Showing posts with label journals. Show all posts
Showing posts with label journals. Show all posts

Friday, May 27, 2016

How to deal with poor science?

Publishing research articles is the bedrock of science. Knowledge advances through testing hypotheses, and the only way such advances are communicated to the broader community of scientists is by writing up the results in a report and sending it to a peer-reviewed journal. The assumption is that papers passing through this review filter report robust and solid science.

Of course this is not always the case. Many papers include questionable methodology and data, or are poorly analyzed. And a small minority actually fabricate or misrepresent data. As Retraction Watch often reminds us, we need to be vigilant against bad science creeping into the published literature.



Why should we care about bad science? Erroneous results or incorrect conclusions in scientific papers can lead other researchers astray and result in bad policy. Take for example the well-flogged Andrew Wakefield, a since discredited researcher who published a paper linking autism to vaccines. The paper is so flawed that it does not stand up to basic scrutiny and was rightly retracted (though how it could have passed through peer review is an astounding mystery). However, this incredibly bad science invigorated an anti-vaccine movement in Europe and North America that is responsible for the re-emergence of childhood diseases that should have been eradicated. This bad science is responsible for hundreds of deaths.

From Huffington Post 

Of course most bad science will not result in death. But bad articles waste time and money if researchers go down blind alleys or work to rebut papers. The important thing is that there are avenues available to researchers to question and criticize published work. Now days this usually means that papers are criticized through two channels. First is through blogs (and other social media). Researchers can communicate their concerns and opinion about a paper to the audience that reads their blog or through social media shares. A classic example was the blog post by Rosie Redfield criticizing a paper published in Science that claimed to have discovered bacteria that used arsenic as a food source.

However, there are a few problems with this avenue. First is that it is not clear that the correct audience is being targeted. For example, if you normally blog about your cat, and your blog followers are fellow cat lovers, then a seemingly random post about a bad paper will likely fall on deaf ears. Secondly, the authors of the original paper may not see your critique and do not have a fair opportunity to rebut your claims. Finally, your criticism is not peer-reviewed and so flaws or misunderstandings in your writing are less likely to be caught.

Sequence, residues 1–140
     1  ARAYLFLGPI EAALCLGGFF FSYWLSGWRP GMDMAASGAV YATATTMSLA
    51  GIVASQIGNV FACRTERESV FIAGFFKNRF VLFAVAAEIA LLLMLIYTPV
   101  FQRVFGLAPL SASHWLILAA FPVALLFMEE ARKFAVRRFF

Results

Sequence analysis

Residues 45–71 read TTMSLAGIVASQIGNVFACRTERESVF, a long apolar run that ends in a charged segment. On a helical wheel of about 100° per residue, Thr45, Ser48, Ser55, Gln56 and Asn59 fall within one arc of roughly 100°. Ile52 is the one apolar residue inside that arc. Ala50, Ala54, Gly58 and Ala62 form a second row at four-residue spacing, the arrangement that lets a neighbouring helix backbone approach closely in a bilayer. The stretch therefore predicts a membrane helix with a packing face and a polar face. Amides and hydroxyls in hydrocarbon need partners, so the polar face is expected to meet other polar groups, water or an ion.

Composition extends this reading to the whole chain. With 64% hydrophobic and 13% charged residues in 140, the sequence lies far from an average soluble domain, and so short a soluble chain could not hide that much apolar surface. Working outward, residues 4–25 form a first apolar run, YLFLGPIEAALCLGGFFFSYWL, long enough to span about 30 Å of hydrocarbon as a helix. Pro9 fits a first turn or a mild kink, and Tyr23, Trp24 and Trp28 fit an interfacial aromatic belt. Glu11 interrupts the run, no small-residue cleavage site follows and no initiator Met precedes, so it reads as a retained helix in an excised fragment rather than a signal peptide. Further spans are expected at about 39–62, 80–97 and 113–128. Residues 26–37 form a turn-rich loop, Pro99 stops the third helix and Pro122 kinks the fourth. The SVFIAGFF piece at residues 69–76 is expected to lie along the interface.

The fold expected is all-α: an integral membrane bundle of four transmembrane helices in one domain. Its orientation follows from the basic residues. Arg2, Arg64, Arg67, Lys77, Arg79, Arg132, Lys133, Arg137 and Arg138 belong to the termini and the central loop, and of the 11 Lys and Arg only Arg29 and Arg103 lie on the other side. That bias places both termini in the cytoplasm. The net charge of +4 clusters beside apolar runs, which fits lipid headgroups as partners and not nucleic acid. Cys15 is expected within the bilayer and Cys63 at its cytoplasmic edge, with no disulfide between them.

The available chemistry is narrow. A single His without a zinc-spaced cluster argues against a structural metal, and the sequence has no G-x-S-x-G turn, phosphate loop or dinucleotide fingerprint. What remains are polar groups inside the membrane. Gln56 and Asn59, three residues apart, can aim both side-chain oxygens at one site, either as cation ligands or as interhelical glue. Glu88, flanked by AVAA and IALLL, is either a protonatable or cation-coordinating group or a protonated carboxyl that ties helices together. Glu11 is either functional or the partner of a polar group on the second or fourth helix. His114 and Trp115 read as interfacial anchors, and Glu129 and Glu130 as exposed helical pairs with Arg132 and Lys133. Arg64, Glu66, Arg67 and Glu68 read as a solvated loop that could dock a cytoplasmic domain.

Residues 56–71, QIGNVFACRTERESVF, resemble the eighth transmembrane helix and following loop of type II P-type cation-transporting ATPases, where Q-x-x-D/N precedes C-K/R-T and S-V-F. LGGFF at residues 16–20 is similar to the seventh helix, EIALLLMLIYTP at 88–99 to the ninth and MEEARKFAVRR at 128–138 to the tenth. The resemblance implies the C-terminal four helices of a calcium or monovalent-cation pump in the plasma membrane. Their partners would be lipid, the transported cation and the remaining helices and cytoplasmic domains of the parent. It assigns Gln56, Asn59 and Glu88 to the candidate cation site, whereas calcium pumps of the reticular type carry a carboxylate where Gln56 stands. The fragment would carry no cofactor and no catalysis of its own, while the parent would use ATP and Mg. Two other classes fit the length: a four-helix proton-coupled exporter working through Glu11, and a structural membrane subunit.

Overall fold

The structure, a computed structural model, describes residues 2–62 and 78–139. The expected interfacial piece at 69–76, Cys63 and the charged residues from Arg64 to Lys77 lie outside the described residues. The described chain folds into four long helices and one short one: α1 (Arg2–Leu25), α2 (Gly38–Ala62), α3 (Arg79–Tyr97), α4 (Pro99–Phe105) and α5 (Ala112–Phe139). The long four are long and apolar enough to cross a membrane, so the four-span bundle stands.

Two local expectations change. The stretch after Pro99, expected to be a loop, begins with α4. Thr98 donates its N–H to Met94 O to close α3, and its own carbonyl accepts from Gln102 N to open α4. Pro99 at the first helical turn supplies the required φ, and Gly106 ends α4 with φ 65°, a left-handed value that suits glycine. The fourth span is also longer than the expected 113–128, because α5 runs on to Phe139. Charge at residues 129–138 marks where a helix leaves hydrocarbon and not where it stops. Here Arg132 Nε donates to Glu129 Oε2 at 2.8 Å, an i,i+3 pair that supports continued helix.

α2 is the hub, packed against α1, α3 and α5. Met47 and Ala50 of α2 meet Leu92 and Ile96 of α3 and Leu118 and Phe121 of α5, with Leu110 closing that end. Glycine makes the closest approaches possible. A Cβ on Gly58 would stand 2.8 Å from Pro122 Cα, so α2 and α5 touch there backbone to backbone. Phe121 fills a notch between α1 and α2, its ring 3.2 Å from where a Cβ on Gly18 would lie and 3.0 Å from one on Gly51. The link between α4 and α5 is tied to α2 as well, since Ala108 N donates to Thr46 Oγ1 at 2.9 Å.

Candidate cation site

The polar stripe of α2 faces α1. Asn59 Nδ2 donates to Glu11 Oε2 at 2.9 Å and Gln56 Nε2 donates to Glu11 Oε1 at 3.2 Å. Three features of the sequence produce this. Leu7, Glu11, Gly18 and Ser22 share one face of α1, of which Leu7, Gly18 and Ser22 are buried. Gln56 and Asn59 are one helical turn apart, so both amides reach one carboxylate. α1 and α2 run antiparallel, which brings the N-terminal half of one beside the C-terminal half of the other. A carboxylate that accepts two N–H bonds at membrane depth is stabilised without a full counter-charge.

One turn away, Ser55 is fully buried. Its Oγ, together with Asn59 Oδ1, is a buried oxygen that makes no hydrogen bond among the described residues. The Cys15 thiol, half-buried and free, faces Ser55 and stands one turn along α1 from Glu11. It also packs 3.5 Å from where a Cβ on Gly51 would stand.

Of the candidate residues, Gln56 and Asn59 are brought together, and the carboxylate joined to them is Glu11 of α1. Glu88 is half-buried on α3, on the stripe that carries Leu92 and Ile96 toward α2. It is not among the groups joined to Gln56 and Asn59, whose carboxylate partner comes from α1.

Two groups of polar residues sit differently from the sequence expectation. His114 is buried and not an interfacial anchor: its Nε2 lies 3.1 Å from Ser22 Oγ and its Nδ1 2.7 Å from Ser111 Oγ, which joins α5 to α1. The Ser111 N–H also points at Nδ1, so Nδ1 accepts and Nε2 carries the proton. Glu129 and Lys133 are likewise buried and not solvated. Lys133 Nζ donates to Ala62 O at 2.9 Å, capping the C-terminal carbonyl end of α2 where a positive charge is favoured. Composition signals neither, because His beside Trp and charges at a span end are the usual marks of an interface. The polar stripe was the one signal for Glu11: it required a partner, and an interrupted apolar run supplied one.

Unlike the relatively new blog medium, the second option is as old as scientific publication –writing a commentary that is published in the same journal (and often with an opportunity for the authors of the original article to respond). These commentaries are usually reviewed and target the correct audience, namely the scientific community that reads the journal. However, some journals do not have a commentary section and so this avenue is not available to researchers.

Caroline and I experienced this recently when we enquired about the possibility to write a commentary on an article was published and that contained flawed analyses. The Editor responded that they do not publish commentaries on their papers! I am an Editor-in-Chief and I routinely deal with letters sent to me that criticize papers we publish. This is important part of the scientific process. We investigate all claims of error or wrongdoing and if their concerns appear valid, and do not meet the threshold for a retraction, we invite them to write a commentary (and invite the original authors to write a response). This option is so critical to science that it cannot be overstated. Bad science needs to be criticized and the broader community of scientists should to feel like they have opportunities to check and critique publications.


I could perceive that there are many reasons why a journal might not bother with commentaries –to save page space for articles, they’re seen as petty squabbles, etc. but I would argue that scientific journals have important responsibilities to the research community and one of them must be to hold the papers they publish accountable and allow for sound and reasoned criticism of potentially flawed papers.

Looking over the author guidelines of the 40 main ecology and evolution journals (and apologies if I missed statements -author guidelines can be very verbose), only 24 had a clear statement about publishing commentaries on previously published papers. While they all had differing names for these commentary type articles, they all clearly spelled out that there was a set of guidelines to publish a critique of an article and how they handle it. I call these 'Group A' journals. The Group A journals hold peer critique after publication as an important part of their publishing philosophy and should be seen as having a higher ethical standard.



Next are the 'Group B' journals. These five journals had unclear statements about publishing commentaries of previously published papers, but they appeared to have article types that could be used for commentary and critique. It could very well be that these journals do welcome critiques of papers, but they need to clearly state this.